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This flu season will bring different challenges to primary care clinicians. Here, experts discuss specific barriers and best strategies to overcome them.
This time last year there was great concern about the potential for a “twindemic,” with SARS-CoV-2, influenza, and other seasonal respiratory viruses circulating at the same time. While COVID-19 cases surged in the winter of 2020, the twindemic did not happen and influenza was largely out of sight.
During the 2020-2021 influenza season in the US, the proportion of respiratory specimens that tested positive for influenza was dramatically lower than previous seasons. Last year, only 0.2% (n=1675) of over 818 900 respiratory specimens tested positive for influenza, compared to the 3 seasons before the pandemic when the proportion of positive specimens peaked between 26.2% and 30.3%, according to the Centers for Disease Control and Prevention (CDC).
Influenza-associated hospitalizations were also the lowest on record in 2020-2021, and there was only 1 infant mortality due to influenza, compared with 199 the previous season, according to the CDC.
While last year’s hiatus from influenza was fortunate, physicians might be concerned about what this season might bring. What does the 2021-2022 influenza season look like for physicians? And what challenges will primary care physicians in particular face this year?
In recent weeks, COVID-19 cases, hospitalizations, and deaths have been declining, while the number of people either fully vaccinated or partially vaccinated increased. For this reason, certain states have begun to relax their COVID-19 mitigation measures (eg, stay-at-home orders, mask mandates), which has health care professionals worried about a rise in other seasonal respiratory viruses.
In an interview with Patient Care Online, the president-elect of the American Academy of Family Physicians (AAFP), Sterling Ransone, MD, said other AAFP members have expressed concern over a potential resurgence of not only influenza, but respiratory syncytial virus (RSV) too.
“In certain states where folks are not wearing masks and practicing appropriate public health measures, we're worried that a lot of these respiratory illnesses will emerge, especially in our pediatric patients,” stated Ransone. “We're incredibly worried that RSV will take another hold, and then we'll have a ‘tripledemic.’ Potentially the Delta variant of COVID, influenza, and RSV all hitting at approximately the same time. How do we take care of these patients? How do we have sufficient physical resources to care for their needs?”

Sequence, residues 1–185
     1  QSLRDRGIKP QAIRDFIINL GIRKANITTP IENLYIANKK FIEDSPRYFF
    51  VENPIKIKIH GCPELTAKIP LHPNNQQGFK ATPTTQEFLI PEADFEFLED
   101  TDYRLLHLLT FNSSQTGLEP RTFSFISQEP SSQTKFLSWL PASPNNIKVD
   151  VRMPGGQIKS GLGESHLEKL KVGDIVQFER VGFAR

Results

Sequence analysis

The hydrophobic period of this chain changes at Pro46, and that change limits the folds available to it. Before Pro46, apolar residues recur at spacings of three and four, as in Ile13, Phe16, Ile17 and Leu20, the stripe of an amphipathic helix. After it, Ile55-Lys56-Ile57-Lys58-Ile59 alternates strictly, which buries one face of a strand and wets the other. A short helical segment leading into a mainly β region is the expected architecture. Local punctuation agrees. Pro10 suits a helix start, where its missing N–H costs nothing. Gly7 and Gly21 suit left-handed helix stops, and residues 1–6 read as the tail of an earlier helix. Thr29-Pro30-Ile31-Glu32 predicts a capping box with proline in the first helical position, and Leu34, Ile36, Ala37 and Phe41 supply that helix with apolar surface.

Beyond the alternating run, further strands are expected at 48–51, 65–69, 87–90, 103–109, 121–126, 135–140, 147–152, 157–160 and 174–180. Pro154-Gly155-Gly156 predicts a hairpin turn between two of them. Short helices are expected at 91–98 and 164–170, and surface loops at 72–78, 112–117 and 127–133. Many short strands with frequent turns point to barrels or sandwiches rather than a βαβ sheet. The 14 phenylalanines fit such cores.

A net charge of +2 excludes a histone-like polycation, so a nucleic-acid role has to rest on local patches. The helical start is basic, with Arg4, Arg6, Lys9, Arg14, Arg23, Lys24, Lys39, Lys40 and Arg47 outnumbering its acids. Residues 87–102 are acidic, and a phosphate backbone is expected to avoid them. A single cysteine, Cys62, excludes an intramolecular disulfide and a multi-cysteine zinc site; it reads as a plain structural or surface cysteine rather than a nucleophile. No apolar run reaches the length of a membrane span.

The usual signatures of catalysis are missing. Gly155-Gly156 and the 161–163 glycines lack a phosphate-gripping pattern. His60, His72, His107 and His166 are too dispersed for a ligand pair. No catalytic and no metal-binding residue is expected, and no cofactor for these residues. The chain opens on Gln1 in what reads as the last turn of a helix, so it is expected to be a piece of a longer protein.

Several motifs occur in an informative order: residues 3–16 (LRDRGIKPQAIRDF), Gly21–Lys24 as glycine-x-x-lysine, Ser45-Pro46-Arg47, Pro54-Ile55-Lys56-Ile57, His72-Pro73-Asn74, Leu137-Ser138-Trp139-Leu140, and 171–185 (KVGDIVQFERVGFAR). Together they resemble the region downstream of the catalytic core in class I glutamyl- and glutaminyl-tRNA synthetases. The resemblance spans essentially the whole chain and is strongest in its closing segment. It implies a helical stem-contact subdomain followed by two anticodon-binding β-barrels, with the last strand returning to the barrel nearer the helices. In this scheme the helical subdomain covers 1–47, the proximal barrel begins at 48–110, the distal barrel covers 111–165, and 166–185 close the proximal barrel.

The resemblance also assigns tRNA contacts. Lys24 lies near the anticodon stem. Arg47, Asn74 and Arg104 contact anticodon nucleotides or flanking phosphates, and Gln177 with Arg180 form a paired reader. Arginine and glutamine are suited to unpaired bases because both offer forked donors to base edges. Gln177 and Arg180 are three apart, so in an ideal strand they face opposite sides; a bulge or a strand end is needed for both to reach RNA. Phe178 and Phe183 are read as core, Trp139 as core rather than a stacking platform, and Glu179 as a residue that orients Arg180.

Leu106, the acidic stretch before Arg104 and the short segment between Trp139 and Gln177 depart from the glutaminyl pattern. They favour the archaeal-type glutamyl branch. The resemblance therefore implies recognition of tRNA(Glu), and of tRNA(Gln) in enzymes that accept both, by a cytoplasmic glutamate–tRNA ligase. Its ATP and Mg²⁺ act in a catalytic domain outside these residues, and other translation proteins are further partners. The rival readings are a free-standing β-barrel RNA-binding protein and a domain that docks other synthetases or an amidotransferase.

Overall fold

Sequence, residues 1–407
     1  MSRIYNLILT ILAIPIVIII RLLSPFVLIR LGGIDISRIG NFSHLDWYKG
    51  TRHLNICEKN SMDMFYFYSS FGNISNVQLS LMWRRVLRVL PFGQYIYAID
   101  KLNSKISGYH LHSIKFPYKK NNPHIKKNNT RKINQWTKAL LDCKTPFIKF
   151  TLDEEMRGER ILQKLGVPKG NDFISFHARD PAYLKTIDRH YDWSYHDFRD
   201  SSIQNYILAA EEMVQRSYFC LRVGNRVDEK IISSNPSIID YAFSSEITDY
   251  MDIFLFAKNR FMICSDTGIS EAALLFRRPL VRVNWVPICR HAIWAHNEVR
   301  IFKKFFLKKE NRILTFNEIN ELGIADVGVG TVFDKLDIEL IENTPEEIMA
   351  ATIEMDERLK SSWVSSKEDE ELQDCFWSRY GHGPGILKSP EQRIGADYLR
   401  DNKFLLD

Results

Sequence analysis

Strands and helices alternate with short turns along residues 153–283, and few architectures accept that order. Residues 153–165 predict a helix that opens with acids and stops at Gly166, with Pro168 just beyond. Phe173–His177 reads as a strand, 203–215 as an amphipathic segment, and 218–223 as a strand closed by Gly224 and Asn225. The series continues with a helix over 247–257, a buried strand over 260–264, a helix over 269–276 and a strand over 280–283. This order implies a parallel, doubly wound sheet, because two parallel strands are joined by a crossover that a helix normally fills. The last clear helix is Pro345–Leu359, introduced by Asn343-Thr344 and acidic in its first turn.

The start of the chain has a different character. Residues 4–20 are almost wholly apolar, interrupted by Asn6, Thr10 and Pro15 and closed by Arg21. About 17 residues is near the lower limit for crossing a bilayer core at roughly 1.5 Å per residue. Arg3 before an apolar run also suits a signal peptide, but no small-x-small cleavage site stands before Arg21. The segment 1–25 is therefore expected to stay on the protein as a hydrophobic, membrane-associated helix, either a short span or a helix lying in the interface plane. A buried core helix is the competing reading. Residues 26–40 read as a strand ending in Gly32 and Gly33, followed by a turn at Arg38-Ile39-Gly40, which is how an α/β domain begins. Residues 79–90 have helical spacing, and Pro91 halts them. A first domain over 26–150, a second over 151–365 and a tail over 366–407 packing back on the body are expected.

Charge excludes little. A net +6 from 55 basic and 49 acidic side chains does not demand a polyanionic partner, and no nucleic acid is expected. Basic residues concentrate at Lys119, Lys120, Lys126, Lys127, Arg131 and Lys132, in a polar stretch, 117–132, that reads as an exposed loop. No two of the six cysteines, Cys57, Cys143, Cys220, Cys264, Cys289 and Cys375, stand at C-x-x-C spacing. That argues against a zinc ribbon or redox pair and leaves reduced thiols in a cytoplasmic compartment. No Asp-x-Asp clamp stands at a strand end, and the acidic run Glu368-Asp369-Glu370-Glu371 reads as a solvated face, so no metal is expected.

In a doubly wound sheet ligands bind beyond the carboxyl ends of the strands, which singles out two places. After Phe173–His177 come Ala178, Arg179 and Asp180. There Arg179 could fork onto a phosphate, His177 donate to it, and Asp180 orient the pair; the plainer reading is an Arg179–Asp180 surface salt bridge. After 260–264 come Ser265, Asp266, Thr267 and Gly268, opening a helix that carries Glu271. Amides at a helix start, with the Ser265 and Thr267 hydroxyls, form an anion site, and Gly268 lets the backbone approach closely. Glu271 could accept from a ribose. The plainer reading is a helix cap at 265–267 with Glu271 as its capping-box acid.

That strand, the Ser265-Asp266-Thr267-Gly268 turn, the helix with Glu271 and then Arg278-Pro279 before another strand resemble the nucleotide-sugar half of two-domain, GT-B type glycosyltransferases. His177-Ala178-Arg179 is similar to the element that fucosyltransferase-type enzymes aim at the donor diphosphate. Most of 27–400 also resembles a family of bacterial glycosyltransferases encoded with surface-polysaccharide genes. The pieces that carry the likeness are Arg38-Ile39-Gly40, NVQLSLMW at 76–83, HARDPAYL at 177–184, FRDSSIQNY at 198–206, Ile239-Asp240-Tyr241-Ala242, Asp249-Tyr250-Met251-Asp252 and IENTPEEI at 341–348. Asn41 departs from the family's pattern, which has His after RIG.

RSV—a leading cause of bronchitis, bronchiolitis, and pneumonia—causes on average 58 000 hospitalizations and 100 to 500 deaths among children aged less than 5 years, and 177 000 hospitalizations with 14 000 deaths among adults aged ≥65 years, according to the CDC.
Similarly to flu levels last season, the number of RSV cases in the US were nearly nonexistent between May 2020 and February 2021; however, the CDC issued a health advisory in June 2021 due to increased RSV activity in parts of the southern US.
If cases of RSV and influenza do increase this season, it will be critical for clinicians to distinguish RSV, flu, and COVID-19 from each other as they all look similar, but have different therapies, according to William Schaffner, MD, medical director of the National Foundation for Infectious Disease (NFID).
“There will be an imperative to distinguish these infections, and they look very much alike. This is going to be a challenging season,” stated Schaffner to Patient Care Online.
The potential for a "tripledemic" or even for an increase in one circulating respiratory virus this season could make conditions particularly difficult for physicians in rural areas, Ransone says. He speaks from experience, having practiced rural medicine for more than 2 decades.
“Frequently in a more urban environment, if there's an emergency and your ER is full, you can divert them to another hospital. We don't have that luxury here, so you have to take all the folks who are coming in,” said Ransone.
Because of this, small group and solo practices may not have the time needed to do what is needed for optimal patient care, said Ransone. “Frequently, it takes a lot of time to have the conversation with the patient to help them overcome their concerns about vaccines. Mental health issues, which have seen a huge flare in the last year, it takes time to deal with those and in a rural environment, we don’t have a lot of the paraprofessionals and other professionals that we need to help them. So, it gets put on the rural practitioner.”